“I’d like to say something.” Who was that? It was so familiar. “All of us who knew Tom knew he was capable of anything–he had so much potential. He just had demons to fight. Unfortunately, I was one of them.”

Was that Marissa? Anger bubbled in his stomach. Who let that wench in? The woman who, at the divorce hearing, swore to never look him in the face again unless he was– dead?

Oh no.


Skeleton in the Breeze

A Ray Bradbury inspired story:
Word count: 451


Tom discovered it first thing in the morning on the way to his mailbox.skeleton

It swung in the crisp fall breeze, covered in vapory thin clothes, bones rattling against each other, a macabre wind chime prominently displayed from the old tree. Tom’s cat hissed at it, skittering away from it into the bushes leading out to the old field.

The skeleton swung, unperturbed.

Tom stood silently watching it swing and twist. Occasionally, a lone leaf would fall off a branch above it and scrape across the old bones.

His wife joined him. “My God, Tom. Will you look at that?”

“I am looking,” he muttered, running one hand through his white hair.

“Do you suppose it’s some kinda joke? Bored teenagers, or something?”

He shrugged his shoulders, continuing to stare until his wife sighed, rubbing at an arthritic knee, and headed back towards the house. “Just get it outta here, will you?” she said.

Tom fetched the ladder but when he set it up he found himself unmotivated, stuck halfway up. Why did it even need to come down? He liked it, though he couldn’t say why. Its clothes were faded red, sleeves torn and pants ripped but it felt more alive to him than he, himself did. It didn’t hurt like he did, wasn’t bent and crooked, achy.

Its teeth rattled at him, seeming to talk, or maybe just chomp in his direction. He leaned closer to it and saw that there were wispy bits of white hair attached to its scalp, not unlike his own.

He climbed back down, leaving the ladder and the skeleton to the morning sun.

Into the night the skeleton danced among the bare branches of the tree. Frayed clothes knitted together, twisted muscles stretched across its bones.  Blood dripped from fingertips that covered slowly with skin. Eyes bulged, then covered with eyelids, teeth hid behind lips, wispy hair thickened and coarsened, turned dark.

The sun crested the old field and filled the little farmhouse with light, shining on Tom’s side of the bed, which was empty. Tom’s wife rolled over grasping the blanket to her chest, slumbering.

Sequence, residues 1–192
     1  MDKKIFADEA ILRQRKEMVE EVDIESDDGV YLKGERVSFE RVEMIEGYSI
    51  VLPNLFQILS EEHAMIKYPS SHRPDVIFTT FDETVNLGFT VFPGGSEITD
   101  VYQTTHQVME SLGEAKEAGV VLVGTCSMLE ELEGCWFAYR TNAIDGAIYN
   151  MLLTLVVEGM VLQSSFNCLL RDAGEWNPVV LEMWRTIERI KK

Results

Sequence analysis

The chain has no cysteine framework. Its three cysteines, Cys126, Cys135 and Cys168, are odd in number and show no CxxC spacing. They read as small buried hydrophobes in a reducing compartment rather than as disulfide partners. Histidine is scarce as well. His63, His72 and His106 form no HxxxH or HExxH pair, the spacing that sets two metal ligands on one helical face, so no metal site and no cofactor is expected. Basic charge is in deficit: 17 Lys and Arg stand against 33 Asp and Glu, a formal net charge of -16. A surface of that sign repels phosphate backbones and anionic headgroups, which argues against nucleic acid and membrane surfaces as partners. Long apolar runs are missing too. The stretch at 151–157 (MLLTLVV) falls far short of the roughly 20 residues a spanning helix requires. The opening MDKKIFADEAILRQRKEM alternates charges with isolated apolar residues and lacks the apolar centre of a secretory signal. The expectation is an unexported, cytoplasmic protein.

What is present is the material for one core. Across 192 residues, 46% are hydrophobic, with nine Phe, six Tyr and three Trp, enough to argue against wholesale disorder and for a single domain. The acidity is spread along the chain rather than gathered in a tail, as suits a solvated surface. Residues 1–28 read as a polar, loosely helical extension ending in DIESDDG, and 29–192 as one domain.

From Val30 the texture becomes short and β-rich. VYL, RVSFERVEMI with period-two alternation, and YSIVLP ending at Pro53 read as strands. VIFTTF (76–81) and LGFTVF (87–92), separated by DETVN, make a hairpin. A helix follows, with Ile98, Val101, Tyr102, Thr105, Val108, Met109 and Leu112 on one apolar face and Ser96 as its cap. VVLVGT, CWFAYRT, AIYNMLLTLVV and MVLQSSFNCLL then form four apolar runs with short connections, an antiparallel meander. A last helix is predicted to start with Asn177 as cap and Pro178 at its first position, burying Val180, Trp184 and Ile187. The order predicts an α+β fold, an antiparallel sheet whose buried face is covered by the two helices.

The cat stood in her place in the yard, swishing her tail back and forth, watching the slow and ponderous figure making its way through the field beyond the leaf littered yard. Watching its shoulders roll and the clothes on its back flutter and whip, the red plaid flannel shining in the early morning sunlight. Soon the figure walked more steadily, then confidently, striding. Youthful hands swept once through dark hair before settling over his heart. As light painted the meadow a golden hue he broke into a run, an old man turned young, and disappeared from view.Belle-In-The-Sun-Part-2.1

My Take on F

Word Count: 267side_jpg

The moon hung high in the sky, yellow, bloated, expectant. Every man in the group was aware of it, but none more so than Alex. His eyes slid toward the orb, then back down to the grass. Then back up again.

Bad luck follows the moon. An odd superstition for a swat team member, maybe, but he knew some of the other men were also on edge, could see it in their lined faces, their furtive glances into the shadows.

All around Alex the slight shufflings of movement sounded, of boots on hard packed earth, of weapons held at check.

In front of them, the small yellow two story house sat in darkness. Trees hovered around the roof occasionally making scratching noises and some kind of bug trilled shrilly in the bushes.

Sweat dripped off Alex’s brow.

Inside a drug dealer slept. Mark Belltrollis, aka Bellman, aka Belltolls, a midlevel worthless punk who was hardly worth the week of preparation Alex’s team had put into his capture. Hardly worth all of the anxiety coursing through his brain, and his nerves, and his muscles tonight.

The soft whisper of an ear radio signalled that the other team was ready.

Two of Alex’s colleagues stepped forward with a door ram, then slammed it against the door, bursting the wood, and each man rushed inside.

Alex was third in line and the first up the stairs. He cleared the landing, stepped aside as Rourke slid beside him, tossing the cannister into the room. A pause, then the flash bang went off, and the shrieks began.



well-766dc35738532cd02cfe163b74563af7This is one of my favorites, written a little more than a year ago. Enjoy.

Words:  1861